Friday, January 14, 2011

Blue Eyes

BROOKLYN, N.Y.—Starting today, I have three days this weekend, rather than the usual two, to catch up on films, socialize (I hope) and just generally enjoy life outside of my day job. I already have my Saturday set, for the most part: The newly designed Museum of the Moving Image in Queens is re-opening tomorrow, and among the films being screened on its first day jumping back into New York cultural life? Jacques Tati's Playtime and Stanley Kubrick's 2001: A Space Odyssey—both in 70mm! I will be seeing both, even though, honestly, Playtime—one of my five favorite films of all time, even though, up 'til now, I've only seen it on tube and widescreen TVs via DVD—is the one I'm more excited to see in its original format. (I admire 2001 a great deal, don't get me wrong...but it's probably my third favorite Kubrick film overall, behind Barry Lyndon and Dr. Strangelove. Of course, I don't discount the possibility that may well change tomorrow, seeing it on what I hope is a laaaaarge screen.) Also planned for this weekend: the new 35mm print of Sergei Eisenstein's Battleship Potemkin at Film Forum—a classic of the cinema which, to my shame, I have not yet seen; and catching up with one or two of the newer releases. Somewhere within all that moviegoing will be a stage performance and, I hope, a TV on which to watch the Jets take on the Patriots Sunday afternoon.

In the meantime, though: some catching up from last weekend.

In addition to The Leopard—which I do plan to blog about, but not until I can get my hands on a copy of the Criterion DVD—I finally caught up with Derek Cianfrance's highly praised Blue Valentine (2010) this weekend. Let me sum up my reaction this way: I was far from unimpressed, and occasionally I was moved, but I'm not convinced it fully realizes its grand aims either, for all its incidental beauties and obvious depth of feeling.

Blue Valentine—along with that other celebrated relationship drama of 2010, Maren Ade's Everyone Else—attempts to dissect a relationship going south. Instead of Ade's chronologically linear behavioral observation, though, Cianfrance cuts back and forth between Dean (Ryan Gosling) and Cindy's (Michelle Williams) sour current reality and the relationship's more innocent beginnings. In that way (and this is not meant to trivialize the film, by any means), Blue Valentine plays like a far less playful, more serious-minded (500) Days of Summer, where one cut between past bliss and present disillusionment can pack a devastating emotional punch. Cianfrance adds to the contrast between past and present by shooting Cindy and Dean's courtship sequences on a markedly grainier film stock and with a more vibrant color scheme than the present-day scenes, with its slicker look and duller, earthier tones.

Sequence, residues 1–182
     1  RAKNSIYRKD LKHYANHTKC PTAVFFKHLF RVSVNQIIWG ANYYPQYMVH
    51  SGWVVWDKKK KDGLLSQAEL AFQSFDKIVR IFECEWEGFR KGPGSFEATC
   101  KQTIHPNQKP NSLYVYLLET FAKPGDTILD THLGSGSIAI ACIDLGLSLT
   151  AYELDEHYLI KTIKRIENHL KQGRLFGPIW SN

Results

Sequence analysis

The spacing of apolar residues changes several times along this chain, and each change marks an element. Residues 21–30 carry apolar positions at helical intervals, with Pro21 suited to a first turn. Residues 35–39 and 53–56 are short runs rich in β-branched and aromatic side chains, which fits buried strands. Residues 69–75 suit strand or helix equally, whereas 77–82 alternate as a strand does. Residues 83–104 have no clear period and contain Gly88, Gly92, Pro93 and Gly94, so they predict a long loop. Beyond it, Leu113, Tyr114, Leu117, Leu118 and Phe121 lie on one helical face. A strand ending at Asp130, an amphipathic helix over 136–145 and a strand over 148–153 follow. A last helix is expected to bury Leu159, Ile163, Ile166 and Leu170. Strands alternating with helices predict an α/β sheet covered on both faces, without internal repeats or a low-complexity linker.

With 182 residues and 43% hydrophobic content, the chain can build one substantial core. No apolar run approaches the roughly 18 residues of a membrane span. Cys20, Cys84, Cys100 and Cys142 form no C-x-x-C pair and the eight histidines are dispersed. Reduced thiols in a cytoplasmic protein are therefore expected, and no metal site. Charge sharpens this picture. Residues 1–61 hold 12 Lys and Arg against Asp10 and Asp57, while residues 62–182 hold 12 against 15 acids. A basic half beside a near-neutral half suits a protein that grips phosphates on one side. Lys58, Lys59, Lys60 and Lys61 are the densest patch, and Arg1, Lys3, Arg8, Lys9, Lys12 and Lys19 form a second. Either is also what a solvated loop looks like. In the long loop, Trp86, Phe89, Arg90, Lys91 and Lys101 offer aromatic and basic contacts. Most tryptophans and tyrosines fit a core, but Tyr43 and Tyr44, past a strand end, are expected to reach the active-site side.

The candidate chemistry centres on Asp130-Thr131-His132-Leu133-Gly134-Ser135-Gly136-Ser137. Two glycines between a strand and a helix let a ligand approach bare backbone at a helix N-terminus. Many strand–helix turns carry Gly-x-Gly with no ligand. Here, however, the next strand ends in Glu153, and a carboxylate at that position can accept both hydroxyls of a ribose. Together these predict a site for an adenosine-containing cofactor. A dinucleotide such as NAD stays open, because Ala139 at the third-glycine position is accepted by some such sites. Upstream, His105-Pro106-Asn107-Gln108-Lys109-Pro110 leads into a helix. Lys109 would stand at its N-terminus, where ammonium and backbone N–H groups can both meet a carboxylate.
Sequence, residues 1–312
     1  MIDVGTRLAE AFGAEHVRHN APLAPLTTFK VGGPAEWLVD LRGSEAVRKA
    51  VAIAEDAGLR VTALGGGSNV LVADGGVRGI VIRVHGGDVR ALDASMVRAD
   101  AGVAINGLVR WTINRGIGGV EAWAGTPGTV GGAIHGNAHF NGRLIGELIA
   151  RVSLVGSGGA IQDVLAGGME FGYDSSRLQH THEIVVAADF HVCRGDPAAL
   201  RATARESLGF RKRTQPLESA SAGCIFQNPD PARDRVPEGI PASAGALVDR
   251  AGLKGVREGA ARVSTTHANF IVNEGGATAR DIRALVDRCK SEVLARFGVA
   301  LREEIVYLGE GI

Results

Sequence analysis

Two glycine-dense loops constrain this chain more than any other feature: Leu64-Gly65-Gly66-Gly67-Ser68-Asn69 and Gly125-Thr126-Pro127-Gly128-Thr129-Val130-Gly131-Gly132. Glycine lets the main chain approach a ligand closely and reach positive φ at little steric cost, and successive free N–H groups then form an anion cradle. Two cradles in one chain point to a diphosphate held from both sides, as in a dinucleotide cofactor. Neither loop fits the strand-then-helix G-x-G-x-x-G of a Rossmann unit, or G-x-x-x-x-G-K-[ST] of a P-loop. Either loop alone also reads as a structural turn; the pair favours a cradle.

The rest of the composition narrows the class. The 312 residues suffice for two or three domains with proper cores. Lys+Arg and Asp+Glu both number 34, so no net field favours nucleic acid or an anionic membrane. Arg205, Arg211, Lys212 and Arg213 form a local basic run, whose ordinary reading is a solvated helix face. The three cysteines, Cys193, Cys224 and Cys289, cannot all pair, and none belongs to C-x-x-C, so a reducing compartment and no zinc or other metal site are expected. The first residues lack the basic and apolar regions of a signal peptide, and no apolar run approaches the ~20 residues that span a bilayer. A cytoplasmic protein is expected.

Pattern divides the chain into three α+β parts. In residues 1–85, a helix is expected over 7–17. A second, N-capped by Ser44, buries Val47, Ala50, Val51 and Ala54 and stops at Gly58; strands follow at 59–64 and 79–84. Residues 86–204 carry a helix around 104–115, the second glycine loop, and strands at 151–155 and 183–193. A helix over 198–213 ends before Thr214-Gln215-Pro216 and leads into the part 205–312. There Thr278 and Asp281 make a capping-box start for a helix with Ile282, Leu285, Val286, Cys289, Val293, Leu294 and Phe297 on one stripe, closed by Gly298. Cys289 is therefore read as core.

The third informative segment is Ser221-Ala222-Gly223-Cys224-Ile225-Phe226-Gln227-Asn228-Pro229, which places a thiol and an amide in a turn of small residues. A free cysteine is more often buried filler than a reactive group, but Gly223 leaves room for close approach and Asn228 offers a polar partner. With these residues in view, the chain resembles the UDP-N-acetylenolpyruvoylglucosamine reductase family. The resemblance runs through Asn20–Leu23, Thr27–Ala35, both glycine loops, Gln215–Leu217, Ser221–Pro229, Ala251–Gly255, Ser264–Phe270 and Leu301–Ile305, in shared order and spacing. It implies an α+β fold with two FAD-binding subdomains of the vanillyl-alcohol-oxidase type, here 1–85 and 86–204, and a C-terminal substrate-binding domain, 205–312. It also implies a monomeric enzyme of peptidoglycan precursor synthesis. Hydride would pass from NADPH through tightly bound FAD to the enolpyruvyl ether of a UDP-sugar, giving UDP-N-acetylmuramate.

For all the non-chronological slicing and dicing, Dean and Cindy's relationship follows a fairly familiar trajectory. They meet while Cindy is in college, and Dean—working for a moving company at the time—sweeps this ambitious, career-minded woman off her feet with a banjo and an earnestly sung tune (which, not too subtly, is called "You Always Hurt the Ones You Love"); she becomes pregnant from a previous relationship, though, and after she finds herself unable to go through an abortion, they decide to get married. But, of course, that original romantic spark doesn't last in married life. The film itself opens in the waning days of their marriage, and later on, we see Dean—a house painter, bearded, given to fits of alcoholism—making one last desperate attempt, in a futuristic sex-hotel room, to rekindle the heat missing in their union.